In this third installment, Gemma’s determined not to get involved in yet another mystery – but of course, it wouldn’t be much of a story unless she does! So when a once-famous actor arrives to play Holmes in an amateur production of Hound of the Baskervilles, the in-fighting of the theatre crowd stirs up something quite deadly…

This was a very quick and easy read, and enjoyable enough, but perhaps not quite as good as the first two in the series. I did think for a little while that the plot from the previous book was being recycled, but things are changed up ‘enough’. I wasn’t entirely sure I was okay with Gemma’s meddling being borderline criminal, right enough! There is a bit of progress on the personal lives side of the stories, but this is kept to background material rather than overwhelming the main plot and mystery.

Book four is due out in the autumn, and I think I’m glad about that – while at the same time hoping the author isn’t rushing too many of these out at the expense of quality.

NetGalley eARC: 304 pages / 16 chapters
First published: 2018
Series: A Sherlock Holmes Bookshop Mystery book 3
Read from 11th-14th February 2018

My rating: 6/10

The Plot is Murder – VM Burns

the plot is murder cover

“‘Victor Carlston, don’t you think it’s wicked to sit here enjoying yourself while your dearest relative lies at death’s door?'”

I like to change pace with my reading, and so after the rather dark The Chalk Man it was time for sometime a bit more fluffy – step forward first in a new cosy mystery series, set in a bookshop, of course 🙂

Samantha Washington is a young(ish) widow, and uses the insurance money plus sale of her now too-big home to fund the dream she and her beloved husband shared: opening a mystery book store. She’s giving up teaching to run the store and also pursue her own dream of writing a mystery book – the bulk of which we get to read interspersed through the ‘real’ mystery, which begins when Sam’s much-loathed realtor is found dead in her new back yard.

I guessed the ‘twist’ very early on, but this is still a charming enough read. I did like the supporting cast of octogenarians, Sam’s grandmother and her friends, who are a spritely lot largely responsible for the sleuthing that takes place. It’s nice to see older characters in general, really, although they are balanced with a few teenagers, too.

In terms of the writing style, this was very easy to read. I was a bit irritated by the running gag of the sweary-grandmother constantly having coughing fits, and also thought that the MC’s two dogs are given distracting lines of focus when totally unnecessary. Minor things overall, though.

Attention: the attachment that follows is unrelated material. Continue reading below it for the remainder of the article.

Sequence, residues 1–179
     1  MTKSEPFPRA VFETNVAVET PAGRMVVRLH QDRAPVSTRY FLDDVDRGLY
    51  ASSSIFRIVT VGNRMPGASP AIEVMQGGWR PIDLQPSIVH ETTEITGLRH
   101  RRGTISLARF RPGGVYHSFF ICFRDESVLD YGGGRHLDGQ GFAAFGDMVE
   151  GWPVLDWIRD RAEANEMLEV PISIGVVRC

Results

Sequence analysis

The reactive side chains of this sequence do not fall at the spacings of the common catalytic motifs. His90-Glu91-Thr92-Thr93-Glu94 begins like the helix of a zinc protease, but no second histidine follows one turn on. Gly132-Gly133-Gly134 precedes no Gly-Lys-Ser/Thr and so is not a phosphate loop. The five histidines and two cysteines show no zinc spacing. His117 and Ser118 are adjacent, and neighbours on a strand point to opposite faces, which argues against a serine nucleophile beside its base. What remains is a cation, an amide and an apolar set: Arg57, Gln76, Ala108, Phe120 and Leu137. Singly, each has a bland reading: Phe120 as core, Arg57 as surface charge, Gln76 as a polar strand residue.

The book-within-the-book device is a nice touch, but to be honest the writing of these parts isn’t particularly strong – probably as it’s ‘supposed’ to be, in terms of the story, but I did find the American-writing-British-toffs a little… hmm.

Overall, this served its purpose and I was genuinely looking forward to curling up with it over a few evenings. That’s a pretty good recommendation for ‘fluff’ 😉

NetGalley eARC: 256 pages / 25 chapters
First published: 2016
Series: Mystery Bookshop book 1
Read from 9th-10th January 2018

My rating: 6/10

A Murder for the Books – Victoria Gilbert

A Murder for the Books cover

“Anyone who claims there are no stupid questions has never worked in a public library.”

Having fled an embarrassing end to a terrible romance, Amy Webber is now director of the library in the small, old town where her aunt lives. Still, it’s far too soon to deal with the flirting from a hunky new neighbour as she sets about helping him research some of the town’s past. Murder and poison and disappearances make for juicy history – but not so happy times when the past starts to seep into the present.

I requested this book from NetGalley because I’ve been thoroughly enjoying my ‘cosy mystery’ reads, set in libraries or bookshops. This one, however, was perhaps a little less cosy and actually quite dark on the murder mystery side – nothing too awful – but with a hefty dose of chick-lit romance. Throw in a shiver of the supernatural and it was all rather intriguing.

While I wasn’t exactly enthralled with the romance aspects – just not my genre – I did enjoy the descriptions of the historic town and its dark past events. There are plenty of characters to throw red herrings in the mix, before an okay-if-not-brilliant denouement of the present mystery ties in nicely with the cold case.

Overall, this was a nice enough read. I’m not entirely sure where the series could go next, but the writing style was strong enough to make me consider finding out.

NetGalley eARC: 336 pages / 30 chapters
First published: 12th December 2017
Series: Blue Ridge Library Mysteries book 1
Read from 4th-11th December 2017

My rating: 6/10